Advocacy evaluation, also called public policy advocacy design, monitoring, and evaluation, evaluates the progress or outcomes of advocacy, such as changes in public policy. This is different from policy analysis, which generally looks at the results of the policy, or mainstream program evaluation, which assesses whether programs or direct services have been successful. Advocacy strives to influence a program or policy either directly or indirectly; therefore, the influence is being evaluated, rather than the results of that influence. Advocacy evaluators seek to understand the extent to which advocacy efforts have contributed to the advancement of a goal or policy. They do this in order to learn what works, what does not, and what works better in order to achieve advocacy goals and improve future efforts.
Goals of advocacy (dependent variables)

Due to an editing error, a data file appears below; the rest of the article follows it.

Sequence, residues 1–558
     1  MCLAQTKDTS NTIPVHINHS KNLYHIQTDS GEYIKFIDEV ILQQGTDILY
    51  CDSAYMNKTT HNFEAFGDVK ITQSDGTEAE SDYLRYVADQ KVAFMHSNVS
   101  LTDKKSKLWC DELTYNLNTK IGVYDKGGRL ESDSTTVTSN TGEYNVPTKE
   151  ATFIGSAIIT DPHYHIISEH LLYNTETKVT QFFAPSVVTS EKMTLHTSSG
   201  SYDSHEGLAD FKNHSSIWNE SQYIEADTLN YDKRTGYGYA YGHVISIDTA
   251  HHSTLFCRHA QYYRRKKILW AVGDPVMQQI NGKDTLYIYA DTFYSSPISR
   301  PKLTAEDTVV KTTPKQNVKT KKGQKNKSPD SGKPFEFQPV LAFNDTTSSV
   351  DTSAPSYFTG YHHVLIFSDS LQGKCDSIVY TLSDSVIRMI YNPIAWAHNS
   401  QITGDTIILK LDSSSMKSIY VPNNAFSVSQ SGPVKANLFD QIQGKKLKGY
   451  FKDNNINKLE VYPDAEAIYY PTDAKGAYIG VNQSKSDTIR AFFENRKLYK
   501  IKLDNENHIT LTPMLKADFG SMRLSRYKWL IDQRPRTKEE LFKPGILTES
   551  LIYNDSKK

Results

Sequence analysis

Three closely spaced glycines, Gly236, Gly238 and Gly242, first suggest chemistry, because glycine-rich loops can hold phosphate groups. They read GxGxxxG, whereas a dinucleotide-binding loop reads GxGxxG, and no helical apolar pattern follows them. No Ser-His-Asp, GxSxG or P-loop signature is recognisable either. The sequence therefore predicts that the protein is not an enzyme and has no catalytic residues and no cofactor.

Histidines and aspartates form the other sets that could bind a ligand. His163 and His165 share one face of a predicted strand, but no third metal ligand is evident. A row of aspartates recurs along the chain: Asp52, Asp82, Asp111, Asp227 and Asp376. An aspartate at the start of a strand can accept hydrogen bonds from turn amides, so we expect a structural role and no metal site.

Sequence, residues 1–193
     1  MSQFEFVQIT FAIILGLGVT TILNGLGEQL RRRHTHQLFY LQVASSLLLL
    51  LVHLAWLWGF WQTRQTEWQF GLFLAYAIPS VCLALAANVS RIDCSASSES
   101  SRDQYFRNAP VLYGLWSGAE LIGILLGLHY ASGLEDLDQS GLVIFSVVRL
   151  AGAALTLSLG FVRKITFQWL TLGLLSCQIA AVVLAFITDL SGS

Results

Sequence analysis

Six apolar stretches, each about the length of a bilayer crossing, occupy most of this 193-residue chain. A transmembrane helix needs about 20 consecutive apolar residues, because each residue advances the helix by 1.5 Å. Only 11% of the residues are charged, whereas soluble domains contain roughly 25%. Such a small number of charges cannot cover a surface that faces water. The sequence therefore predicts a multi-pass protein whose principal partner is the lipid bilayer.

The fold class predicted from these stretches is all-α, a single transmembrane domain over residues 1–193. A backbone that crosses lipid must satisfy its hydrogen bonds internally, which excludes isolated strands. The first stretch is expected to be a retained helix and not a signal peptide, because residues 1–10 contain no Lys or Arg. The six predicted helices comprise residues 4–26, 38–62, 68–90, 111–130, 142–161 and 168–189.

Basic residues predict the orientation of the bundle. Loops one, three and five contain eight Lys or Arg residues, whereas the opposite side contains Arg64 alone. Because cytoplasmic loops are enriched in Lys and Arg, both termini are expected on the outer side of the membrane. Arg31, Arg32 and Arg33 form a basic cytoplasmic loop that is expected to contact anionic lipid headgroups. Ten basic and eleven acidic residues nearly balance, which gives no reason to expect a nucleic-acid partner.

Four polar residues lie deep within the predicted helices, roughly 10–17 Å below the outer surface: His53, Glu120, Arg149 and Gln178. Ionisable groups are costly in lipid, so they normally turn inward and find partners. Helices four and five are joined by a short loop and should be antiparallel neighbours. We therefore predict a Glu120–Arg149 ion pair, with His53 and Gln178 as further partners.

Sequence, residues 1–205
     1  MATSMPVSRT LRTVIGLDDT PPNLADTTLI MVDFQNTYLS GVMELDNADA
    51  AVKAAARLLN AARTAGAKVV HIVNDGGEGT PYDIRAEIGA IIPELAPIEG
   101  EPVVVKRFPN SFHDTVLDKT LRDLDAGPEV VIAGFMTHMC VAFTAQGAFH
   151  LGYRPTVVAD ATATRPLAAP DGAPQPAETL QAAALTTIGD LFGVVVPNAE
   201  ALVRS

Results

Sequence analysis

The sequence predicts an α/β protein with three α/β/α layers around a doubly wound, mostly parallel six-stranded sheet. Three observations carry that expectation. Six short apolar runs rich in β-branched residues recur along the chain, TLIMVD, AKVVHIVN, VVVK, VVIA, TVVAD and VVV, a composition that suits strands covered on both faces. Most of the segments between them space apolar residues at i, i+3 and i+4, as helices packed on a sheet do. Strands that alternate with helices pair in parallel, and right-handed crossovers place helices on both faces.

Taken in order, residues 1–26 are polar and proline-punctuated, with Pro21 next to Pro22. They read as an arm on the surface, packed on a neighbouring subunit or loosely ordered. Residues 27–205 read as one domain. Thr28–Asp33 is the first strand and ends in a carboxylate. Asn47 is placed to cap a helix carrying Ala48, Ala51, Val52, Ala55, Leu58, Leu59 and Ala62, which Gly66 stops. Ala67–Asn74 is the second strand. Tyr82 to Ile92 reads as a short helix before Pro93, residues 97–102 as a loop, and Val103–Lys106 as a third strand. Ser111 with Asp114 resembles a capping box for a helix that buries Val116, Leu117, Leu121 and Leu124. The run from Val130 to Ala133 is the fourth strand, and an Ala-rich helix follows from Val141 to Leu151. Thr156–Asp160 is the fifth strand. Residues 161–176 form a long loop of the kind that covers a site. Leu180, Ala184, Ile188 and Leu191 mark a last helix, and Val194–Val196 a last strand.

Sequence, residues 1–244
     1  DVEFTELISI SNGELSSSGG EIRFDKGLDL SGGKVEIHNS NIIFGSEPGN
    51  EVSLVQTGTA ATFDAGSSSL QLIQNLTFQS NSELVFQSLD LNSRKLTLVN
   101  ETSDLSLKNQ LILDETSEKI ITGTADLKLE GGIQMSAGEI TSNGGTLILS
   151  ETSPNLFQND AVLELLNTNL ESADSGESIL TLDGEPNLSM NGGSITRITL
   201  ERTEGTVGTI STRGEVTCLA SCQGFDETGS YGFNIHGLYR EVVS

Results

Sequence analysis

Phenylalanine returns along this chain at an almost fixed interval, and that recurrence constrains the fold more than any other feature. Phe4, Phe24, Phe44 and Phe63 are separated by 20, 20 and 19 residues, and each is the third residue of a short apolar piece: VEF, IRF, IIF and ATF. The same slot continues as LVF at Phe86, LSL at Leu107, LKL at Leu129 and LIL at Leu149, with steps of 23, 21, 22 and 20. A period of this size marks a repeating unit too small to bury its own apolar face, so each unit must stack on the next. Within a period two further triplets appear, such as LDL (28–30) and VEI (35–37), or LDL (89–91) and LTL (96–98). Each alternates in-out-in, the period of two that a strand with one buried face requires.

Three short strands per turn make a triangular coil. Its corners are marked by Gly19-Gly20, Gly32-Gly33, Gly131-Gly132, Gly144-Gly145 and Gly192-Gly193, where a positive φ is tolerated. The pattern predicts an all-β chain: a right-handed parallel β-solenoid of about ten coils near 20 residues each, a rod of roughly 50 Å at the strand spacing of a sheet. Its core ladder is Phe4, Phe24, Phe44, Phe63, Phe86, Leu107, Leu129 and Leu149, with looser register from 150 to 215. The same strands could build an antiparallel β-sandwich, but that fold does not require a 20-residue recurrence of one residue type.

In order to evaluate something, one must know the goals of the program/activity, in this case - advocacy efforts. Policy advocacy evaluation focuses on the contribution towards achieving policy, and not on the results of that policy. Policy advocacy evaluators look at these dependent variables (many of which interrelate significantly with movement in the policy cycle):
Intermediate Goal Examples:
- Increased awareness of constituents about the need for policy (Problem Identification -> Agenda Setting)
- Change in rate of key-words use by politicians, sometimes starting from 0 (Problem Identification -> Agenda Setting)
- Increase in ratio of policy being implemented according to the adopted legislation (Adoption->Implementation)
- Developed capacity of advocacy actor or network of actors to conduct advocacy efforts